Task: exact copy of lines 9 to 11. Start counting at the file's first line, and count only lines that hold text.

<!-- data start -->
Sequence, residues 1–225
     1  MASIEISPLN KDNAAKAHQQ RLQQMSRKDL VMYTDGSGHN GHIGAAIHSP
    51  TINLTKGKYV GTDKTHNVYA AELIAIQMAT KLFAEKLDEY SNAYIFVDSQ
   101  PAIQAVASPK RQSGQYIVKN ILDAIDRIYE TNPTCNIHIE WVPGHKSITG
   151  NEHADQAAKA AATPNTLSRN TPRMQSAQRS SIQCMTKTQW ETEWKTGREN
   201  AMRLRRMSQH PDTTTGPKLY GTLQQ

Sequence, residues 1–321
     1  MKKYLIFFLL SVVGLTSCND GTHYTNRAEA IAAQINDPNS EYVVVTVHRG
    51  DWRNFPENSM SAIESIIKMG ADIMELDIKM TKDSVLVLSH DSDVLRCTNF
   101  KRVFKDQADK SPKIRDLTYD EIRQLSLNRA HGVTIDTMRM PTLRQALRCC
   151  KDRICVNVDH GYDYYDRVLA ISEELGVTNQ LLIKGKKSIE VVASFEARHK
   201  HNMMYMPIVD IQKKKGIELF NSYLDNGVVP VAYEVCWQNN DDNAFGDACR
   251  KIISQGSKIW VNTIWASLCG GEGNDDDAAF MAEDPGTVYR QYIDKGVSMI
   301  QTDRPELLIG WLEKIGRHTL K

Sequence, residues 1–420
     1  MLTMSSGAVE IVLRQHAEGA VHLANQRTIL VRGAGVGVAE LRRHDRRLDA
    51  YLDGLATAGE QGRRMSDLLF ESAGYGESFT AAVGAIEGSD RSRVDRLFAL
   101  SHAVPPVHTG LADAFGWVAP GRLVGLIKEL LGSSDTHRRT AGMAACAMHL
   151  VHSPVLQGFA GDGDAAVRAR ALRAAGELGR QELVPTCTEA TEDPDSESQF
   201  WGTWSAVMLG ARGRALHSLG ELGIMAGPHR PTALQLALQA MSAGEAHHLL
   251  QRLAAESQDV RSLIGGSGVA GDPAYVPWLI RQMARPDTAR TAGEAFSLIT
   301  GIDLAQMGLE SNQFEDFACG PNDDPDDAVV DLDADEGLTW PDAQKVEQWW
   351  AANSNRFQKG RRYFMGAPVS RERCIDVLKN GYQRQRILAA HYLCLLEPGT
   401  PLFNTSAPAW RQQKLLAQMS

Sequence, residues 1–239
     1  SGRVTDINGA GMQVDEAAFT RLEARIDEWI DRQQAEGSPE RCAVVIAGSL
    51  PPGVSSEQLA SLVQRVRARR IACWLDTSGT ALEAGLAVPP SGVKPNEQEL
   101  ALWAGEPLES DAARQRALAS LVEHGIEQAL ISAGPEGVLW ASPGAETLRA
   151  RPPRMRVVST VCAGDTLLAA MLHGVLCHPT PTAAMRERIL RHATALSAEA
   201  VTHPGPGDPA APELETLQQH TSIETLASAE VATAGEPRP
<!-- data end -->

    51  DWRNFPENSM SAIESIIKMG ADIMELDIKM TKDSVLVLSH DSDVLRCTNF
   101  KRVFKDQADK SPKIRDLTYD EIRQLSLNRA HGVTIDTMRM PTLRQALRCC
   151  KDRICVNVDH GYDYYDRVLA ISEELGVTNQ LLIKGKKSIE VVASFEARHK